My dear fellow supporters of Potomac Point Winery,
As some of you know, having watched me spill my wine at the tasting table, I have been battling Parkinson’s Disease for 17-years; I also have dear friends who are bravely fighting Multiple Sclerosis. Therefore, to raise money for the Parkinson Foundation of the National Capital Area (PFNCA) and the Multiple Sclerosis Society Research, on 23 June 2018, I am having an “Aviation Enthusiast RDVZ ISO the Parkinson Foundation and the Multiple Sclerosis Society.” It will be held at our beautiful Potomac Point Winery and Vineyard, where naturally we will have the finest of wines and gourmet food. To ensure an opportunity to visit with our three distinguished speakers the party will be restricted to 100 guests. My three friends with extraordinary flying careers will give short talks and then sit and simply visit with participants at the various tables. Hope you can make the party and please invite your friends and tell them those who buy a ticket, automatically are invited to my famous “Friday-After-Thanksgiving-Burning-Man-Party!” To buy tickets or donate, just open the Flyer and “CLICK Here to Buy Tickets or Donate.” Any questions: ParkiRDVZ@gmail.com or email@example.com
Three Distinguished Aviators:
(1). Commander Paul Galanti, USN, who I numerically replaced in the “Black Diamonds” when Paul was shot down on his 97th combat mission flying his A-4 Skyhawk from USS Hancock. Shot down and captured on 17 June 1966, Paul was held as a POW and beaten and abused for seven years. Maybe that is why Paul loves life like few others; he is one of the truly upbeat people in this world. In captivity, Paul was on the cover of Life magazine as he sat in his prison garb fresh from a beating, never surrendering, and pointing at the floor with his two middle fingers. Paul is a real American hero!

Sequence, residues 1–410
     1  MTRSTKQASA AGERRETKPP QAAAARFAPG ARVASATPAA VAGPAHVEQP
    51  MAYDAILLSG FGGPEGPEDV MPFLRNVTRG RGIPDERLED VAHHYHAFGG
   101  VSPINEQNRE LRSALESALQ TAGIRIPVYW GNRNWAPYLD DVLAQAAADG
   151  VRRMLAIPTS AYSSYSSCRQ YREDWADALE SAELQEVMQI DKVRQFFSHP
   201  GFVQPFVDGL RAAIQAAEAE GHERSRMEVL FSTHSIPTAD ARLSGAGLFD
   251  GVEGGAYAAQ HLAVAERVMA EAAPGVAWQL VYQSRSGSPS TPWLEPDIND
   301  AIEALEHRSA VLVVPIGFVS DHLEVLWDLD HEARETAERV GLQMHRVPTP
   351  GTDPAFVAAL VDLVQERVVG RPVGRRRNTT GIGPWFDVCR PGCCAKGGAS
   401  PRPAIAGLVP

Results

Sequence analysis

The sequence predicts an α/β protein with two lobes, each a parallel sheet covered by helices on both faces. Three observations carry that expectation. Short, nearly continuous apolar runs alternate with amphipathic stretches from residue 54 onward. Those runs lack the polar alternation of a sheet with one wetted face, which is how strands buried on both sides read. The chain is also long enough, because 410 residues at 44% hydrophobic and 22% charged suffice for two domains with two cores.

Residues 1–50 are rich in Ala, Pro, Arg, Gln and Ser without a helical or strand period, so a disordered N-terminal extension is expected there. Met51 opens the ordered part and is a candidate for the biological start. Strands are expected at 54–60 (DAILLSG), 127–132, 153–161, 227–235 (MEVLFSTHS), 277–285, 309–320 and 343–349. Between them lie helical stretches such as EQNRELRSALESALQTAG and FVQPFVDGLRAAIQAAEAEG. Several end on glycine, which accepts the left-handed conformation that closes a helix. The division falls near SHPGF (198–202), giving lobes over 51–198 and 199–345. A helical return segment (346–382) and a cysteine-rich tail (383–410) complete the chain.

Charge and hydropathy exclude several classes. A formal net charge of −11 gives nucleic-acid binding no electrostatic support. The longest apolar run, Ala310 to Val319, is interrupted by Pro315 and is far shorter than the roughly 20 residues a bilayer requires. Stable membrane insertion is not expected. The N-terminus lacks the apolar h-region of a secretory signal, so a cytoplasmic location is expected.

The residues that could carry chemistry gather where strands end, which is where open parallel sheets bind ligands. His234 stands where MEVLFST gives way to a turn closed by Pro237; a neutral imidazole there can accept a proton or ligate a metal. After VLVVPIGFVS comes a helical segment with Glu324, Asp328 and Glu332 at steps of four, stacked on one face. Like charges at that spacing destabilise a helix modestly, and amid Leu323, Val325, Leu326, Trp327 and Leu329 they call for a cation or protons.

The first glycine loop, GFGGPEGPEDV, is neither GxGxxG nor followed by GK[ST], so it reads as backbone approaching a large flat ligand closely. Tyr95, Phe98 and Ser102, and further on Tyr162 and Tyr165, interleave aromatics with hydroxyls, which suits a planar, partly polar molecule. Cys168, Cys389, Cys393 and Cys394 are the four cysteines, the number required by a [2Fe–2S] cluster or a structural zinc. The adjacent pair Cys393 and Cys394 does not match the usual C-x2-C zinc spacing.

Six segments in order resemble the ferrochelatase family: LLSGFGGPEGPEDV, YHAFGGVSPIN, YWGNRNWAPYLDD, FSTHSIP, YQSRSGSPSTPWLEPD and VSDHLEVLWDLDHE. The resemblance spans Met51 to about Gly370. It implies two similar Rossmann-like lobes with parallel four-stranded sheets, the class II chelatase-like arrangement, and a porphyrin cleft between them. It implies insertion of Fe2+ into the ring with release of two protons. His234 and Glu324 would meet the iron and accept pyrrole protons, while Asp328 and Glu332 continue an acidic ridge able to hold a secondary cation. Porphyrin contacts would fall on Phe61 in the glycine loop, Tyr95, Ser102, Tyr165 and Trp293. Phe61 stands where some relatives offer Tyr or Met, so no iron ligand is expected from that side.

(2). Captain Bill Readdy, USN, was my Air Operations Officer on USS Coral Sea, while I was Air Boss. Bill transferred into the Naval Reserve to join NASA. At NASA, he served in numerous roles including NASA Director of Operations, Star City, Russia, where he implemented activities and fostered cooperation in the first, critical phase of the international space station partnership. As a NASA Astronaut, Bill flew the shuttle multiple times and logged 672 hours in space. Bill commanded his third flight, docking space shuttle Atlantis at the Russian space station Mir in 1996 and overseeing the first exchange of American astronaut researchers living aboard the Russian outpost. Bill became the first manager of Space Shuttle Program Development, charged with upgrading the space shuttle. Then Bill served as Associate Administer NASA HQ Office of Space Flight, where he led a $6 billion-a-year enterprise comprising five major programs, four field installations (Marshall, Kennedy, Stennis, and Johnson Space Centers), and more than 40, 000 civil servant and contractor employees. His oversight of International Space Station, Space Shuttle, Space Communications and Space Launch Vehicles seems particularly interesting to me! Following the tragic loss of space shuttle Columbia in February 2003, Bill chaired NASA’s Space Flight Leadership Council, overseeing the agency’s recovery from the accident and the shuttle’s successful return to flight in July 2005.